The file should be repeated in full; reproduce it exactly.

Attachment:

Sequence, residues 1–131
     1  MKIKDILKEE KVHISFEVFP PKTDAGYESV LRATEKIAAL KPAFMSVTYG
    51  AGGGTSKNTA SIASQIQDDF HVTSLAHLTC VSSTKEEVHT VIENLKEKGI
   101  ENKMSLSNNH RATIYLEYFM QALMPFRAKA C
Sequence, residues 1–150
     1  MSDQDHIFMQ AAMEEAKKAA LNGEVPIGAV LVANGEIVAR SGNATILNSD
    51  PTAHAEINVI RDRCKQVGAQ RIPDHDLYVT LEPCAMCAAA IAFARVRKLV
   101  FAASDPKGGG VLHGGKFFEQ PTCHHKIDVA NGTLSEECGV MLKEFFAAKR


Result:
Sequence, residues 1–131
     1  MKIKDILKEE KVHISFEVFP PKTDAGYESV LRATEKIAAL KPAFMSVTYG
    51  AGGGTSKNTA SIASQIQDDF HVTSLAHLTC VSSTKEEVHT VIENLKEKGI
   101  ENKMSLSNNH RATIYLEYFM QALMPFRAKA C
Sequence, residues 1–150
     1  MSDQDHIFMQ AAMEEAKKAA LNGEVPIGAV LVANGEIVAR SGNATILNSD
    51  PTAHAEINVI RDRCKQVGAQ RIPDHDLYVT LEPCAMCAAA IAFARVRKLV
   101  FAASDPKGGG VLHGGKFFEQ PTCHHKIDVA NGTLSEECGV MLKEFFAAKR